Every day I get a little more evidence as to how different and subjective people’s perceptions of a story can be. I’ve had a number of editors comment on how one of my stories (The Oubliette) was dark, gripping, suspenseful, etc. and I even had two of them relate it to Edgar Allen Poe’s works. Then there were two others that said they basically slept through it.
It really surprises me that the reactions can be so different; as if they read two different stories. I guess that goes to show why one shouldn’t be discouraged by rejections. What one editor or agent despises, another might adore.
I hear a lot of times that artists are at their most creative when they’re starving and struggling to get their big break. Maybe it works that way for some people but for me it’s the exact opposite. I find I’m at my most creative and productive when things are going well in my life, when I don’t have any other worries getting in the way of my storytelling (especially worries about money). The longer I go without a full time job, the harder the writing becomes.
I honestly don’t know how someone can come up with a great story when they’re worried about where their next meal is coming from. I guess for some people creativity comes from challenge and suffering. For me it comes from the security of not having to concern myself with anything except the words on the page.
I think we all know that a lot of networks, publishing houses, movie studios, record labels and anyone else involved in the entertainment industry thrives on the rumor-mill. A well placed piece of speculation on a certain actor, author, musician or creative work can increase word of mouth and drive up sales. It’s not entirely a legitimate form of marketing, as it does in many cases involve lying to people, but on the whole it works. People hear something strange and want to know more about it, their curiosity overcomes them, and they end up parting with a few bucks they might otherwise not have.
There are however times when the executives in charge just don’t know when to leave well enough alone. I think this is most common in the television industry, as television shows are weekly events over the course of many years whereas books, CD’s and movies are generally more one-shots. It might also have something to do with the fact that the latter forms of media are usually released 1-2 years apart as opposed to every week, so maybe there’s just less opportunity to tamper with them.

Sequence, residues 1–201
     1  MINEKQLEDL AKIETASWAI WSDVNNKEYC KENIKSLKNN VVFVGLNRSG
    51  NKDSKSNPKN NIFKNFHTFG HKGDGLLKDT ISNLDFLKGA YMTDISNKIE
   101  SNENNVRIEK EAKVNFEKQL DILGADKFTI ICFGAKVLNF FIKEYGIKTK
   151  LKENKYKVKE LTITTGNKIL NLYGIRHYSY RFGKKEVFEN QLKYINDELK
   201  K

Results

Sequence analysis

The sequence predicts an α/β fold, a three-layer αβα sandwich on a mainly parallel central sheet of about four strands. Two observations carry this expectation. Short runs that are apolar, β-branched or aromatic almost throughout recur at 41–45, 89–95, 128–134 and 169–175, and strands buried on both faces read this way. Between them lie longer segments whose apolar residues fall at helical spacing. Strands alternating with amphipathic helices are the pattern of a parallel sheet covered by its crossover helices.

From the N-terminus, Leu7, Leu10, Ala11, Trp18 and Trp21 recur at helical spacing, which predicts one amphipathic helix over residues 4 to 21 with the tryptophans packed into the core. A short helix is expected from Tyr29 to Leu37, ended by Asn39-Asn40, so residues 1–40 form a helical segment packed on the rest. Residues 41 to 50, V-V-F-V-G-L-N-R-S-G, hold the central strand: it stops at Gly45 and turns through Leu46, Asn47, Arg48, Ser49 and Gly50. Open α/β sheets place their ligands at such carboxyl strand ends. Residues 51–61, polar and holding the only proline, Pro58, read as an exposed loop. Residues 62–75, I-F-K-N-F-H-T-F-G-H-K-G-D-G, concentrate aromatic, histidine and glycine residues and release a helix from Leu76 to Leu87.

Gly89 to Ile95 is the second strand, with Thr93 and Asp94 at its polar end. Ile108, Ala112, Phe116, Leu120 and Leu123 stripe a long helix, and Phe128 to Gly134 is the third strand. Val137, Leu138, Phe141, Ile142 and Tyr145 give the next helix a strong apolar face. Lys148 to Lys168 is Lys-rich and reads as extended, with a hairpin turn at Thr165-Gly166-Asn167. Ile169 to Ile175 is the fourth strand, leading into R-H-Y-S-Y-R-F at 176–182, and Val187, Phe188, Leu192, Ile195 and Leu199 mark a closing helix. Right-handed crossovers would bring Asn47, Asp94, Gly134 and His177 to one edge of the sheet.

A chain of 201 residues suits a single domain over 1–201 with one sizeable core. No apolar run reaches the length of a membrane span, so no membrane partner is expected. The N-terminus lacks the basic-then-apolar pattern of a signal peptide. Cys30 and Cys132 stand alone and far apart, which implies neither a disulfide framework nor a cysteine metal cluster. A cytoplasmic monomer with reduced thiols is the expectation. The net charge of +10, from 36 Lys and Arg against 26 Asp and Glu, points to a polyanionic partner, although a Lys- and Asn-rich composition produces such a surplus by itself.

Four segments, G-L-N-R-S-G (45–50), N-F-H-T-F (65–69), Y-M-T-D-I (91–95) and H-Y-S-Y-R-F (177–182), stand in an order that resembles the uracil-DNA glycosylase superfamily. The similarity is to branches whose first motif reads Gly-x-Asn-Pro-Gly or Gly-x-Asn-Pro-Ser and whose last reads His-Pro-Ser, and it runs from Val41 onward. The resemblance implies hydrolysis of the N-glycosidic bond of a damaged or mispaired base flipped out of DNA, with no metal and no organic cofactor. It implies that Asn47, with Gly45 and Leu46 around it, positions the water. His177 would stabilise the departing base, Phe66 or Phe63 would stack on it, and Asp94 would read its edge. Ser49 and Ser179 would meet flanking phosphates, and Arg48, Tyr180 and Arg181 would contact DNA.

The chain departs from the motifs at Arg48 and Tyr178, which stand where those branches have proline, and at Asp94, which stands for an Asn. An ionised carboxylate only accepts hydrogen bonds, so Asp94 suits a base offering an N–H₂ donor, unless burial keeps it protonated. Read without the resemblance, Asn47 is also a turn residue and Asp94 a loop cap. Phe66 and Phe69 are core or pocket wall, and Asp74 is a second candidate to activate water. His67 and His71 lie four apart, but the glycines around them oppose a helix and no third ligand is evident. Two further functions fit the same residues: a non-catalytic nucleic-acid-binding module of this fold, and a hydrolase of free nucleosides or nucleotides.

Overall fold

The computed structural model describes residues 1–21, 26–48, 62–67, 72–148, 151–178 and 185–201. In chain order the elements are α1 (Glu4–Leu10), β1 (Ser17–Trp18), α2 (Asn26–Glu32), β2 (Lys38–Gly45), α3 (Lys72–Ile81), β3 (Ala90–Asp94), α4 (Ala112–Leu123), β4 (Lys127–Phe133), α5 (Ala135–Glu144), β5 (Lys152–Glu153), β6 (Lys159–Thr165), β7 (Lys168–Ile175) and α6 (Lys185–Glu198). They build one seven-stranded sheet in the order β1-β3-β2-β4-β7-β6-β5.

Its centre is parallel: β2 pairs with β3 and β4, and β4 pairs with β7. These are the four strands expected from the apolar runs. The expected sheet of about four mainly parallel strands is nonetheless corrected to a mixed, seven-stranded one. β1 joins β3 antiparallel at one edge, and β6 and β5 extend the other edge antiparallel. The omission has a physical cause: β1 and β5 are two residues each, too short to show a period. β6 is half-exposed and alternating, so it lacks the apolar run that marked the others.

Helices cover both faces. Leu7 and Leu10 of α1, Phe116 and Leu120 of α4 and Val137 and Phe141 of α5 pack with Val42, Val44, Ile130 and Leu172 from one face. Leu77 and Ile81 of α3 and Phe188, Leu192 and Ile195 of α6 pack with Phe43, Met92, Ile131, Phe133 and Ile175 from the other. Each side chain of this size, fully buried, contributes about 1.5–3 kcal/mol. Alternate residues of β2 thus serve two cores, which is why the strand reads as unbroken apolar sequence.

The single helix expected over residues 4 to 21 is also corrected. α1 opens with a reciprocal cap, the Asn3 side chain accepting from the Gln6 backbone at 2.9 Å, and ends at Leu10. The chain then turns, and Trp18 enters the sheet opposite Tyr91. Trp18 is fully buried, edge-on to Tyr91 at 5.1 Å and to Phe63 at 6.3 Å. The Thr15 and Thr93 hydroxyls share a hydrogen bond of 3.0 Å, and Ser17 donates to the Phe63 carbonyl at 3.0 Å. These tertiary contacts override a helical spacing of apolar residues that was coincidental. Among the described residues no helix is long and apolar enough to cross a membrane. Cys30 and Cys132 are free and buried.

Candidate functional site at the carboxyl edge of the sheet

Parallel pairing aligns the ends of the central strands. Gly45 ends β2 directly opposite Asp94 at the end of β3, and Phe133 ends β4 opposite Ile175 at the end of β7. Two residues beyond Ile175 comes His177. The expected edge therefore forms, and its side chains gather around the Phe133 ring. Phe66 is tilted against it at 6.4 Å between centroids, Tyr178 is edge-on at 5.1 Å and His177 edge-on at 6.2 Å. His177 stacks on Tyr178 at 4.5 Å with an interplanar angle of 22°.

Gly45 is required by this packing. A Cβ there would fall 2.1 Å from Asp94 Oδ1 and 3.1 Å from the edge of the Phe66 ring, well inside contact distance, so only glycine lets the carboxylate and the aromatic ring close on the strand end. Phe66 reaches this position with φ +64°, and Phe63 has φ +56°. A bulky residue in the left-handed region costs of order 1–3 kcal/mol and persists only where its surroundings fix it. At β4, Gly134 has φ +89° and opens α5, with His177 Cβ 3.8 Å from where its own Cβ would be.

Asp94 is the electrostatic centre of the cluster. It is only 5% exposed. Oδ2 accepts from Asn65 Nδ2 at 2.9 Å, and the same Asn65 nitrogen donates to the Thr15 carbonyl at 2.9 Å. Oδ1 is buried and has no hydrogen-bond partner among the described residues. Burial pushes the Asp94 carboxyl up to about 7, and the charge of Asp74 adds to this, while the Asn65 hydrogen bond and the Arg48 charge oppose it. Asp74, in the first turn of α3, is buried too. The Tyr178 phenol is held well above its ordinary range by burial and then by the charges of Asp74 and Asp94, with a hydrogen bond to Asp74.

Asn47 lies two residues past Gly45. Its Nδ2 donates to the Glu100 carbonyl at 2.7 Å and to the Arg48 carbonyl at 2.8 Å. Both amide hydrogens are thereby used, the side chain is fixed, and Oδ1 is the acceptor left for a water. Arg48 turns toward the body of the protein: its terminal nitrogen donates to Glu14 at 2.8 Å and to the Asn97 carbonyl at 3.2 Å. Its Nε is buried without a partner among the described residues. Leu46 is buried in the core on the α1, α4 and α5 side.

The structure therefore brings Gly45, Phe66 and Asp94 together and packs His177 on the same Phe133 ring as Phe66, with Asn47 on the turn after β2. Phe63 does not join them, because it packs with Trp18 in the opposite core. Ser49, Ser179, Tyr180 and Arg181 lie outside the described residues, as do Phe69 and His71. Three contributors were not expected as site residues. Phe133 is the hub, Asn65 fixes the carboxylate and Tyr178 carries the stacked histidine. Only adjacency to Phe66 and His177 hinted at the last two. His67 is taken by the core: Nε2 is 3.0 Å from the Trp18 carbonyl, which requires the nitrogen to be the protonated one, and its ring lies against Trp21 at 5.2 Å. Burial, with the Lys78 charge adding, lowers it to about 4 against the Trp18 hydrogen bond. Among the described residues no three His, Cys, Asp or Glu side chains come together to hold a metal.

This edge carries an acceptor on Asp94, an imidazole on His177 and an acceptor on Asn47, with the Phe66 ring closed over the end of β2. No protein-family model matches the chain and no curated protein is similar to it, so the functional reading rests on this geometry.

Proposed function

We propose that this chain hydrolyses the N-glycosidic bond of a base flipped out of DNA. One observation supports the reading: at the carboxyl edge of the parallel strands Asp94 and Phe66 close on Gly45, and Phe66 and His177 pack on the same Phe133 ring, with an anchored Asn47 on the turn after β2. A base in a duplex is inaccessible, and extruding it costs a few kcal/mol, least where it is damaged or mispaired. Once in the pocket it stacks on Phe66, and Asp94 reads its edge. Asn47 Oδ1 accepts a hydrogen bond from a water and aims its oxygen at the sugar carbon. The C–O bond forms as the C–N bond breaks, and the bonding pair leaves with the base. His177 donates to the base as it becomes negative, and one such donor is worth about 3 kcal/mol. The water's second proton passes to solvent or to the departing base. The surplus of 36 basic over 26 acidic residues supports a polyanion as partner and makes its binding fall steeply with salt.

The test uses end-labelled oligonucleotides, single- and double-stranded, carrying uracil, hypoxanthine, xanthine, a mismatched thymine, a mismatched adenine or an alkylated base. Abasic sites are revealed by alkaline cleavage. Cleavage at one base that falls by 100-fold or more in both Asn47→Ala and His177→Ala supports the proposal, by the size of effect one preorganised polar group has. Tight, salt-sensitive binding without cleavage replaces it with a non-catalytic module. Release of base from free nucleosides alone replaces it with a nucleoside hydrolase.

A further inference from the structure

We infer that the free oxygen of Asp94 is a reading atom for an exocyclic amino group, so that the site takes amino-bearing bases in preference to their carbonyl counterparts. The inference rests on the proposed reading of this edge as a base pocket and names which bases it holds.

To make a hit television show requires excellent writers, believable actors, solid directing and (at least nowadays) a whole lot of technical expertise. Everything from lighting, to sound technicians to computer graphics designers. They’re all gifted people who are in the top 5% of their field. The two things that none of these people have however is a medium over which to broadcast the show and, in most cases, the money to fund it. Often times these creative geniuses have to turn to outside investors to fund their production and must cater to a network to air their finished product.
Now I’m all for the mass market and I understand the need for funding, and I also understand that the money people want a return on their investment. That’s why they’re in business. The problem is when investors artificially tamper with the market through the use of panic ridden rumors in order to create an even bigger profit. Here’s the two biggest examples I’ve seen:
- The first concerns shows that are wildly popular but only within a specific cross section of the market. It caters to men, or to women, or to liberals, or to conservatives, or to the religious, or to a specific ethnicity, etc. Then along comes a network executive or investor who wants to branch out and insists that the creators of the show rewrite future episodes to cater to a wider audience. The intention is to draw in more viewers from demographics that don’t normally watch the show but what often ends up happening is the original idea of the show gets watered down and diminished. Sure you may pick up some new viewers but a good chunk of the original audience trickles away. A year later instead of a fiercely loyal following of people who will watch every episode and buy the DVD’s or itunes downloads, you instead have a group of people that kind of like the show but not enough to pencil it into their calendar to watch every week or pick up the box set at the store. The ratings might get higher, but they’re a lower quality of fan who is likely to spend less money.
- The other is the worry of cancellation. The network had booked and budgeted for a five season run but somewhere during the forth season they start dropping hints that they’re unsure of the direction of the show and that they might cancel it early. This creates a bit of a panic amongst the fan base driving them to support the show to save it from cancellation but if the creative team involved isn’t in on the joke, then it can be devastating to a show’s quality. The writers get together and say: “Well, this is our last season. We’d better wrap up all our plotlines.” So they tie up all the loose ends and finish off what they think is their last season with a bang. Then at the end of the forth season the network comes along and says they’ve changed their mind, that they’re extending the show for another year. Now the writers are caught with their pants down because they’ve told all the stories they’ve had planned and are now in a mad rush to scramble something together. End result: The next season is usually as crap as the previous one was amazing.
The point is that while I get money people have to be involved (it’s their dollar funding it after all) I wish that sometimes they’d just get out of the way of the creative geniuses and let them do their job. Take the shackles off and turn them loose then let the show sink or swim on it’s own merits.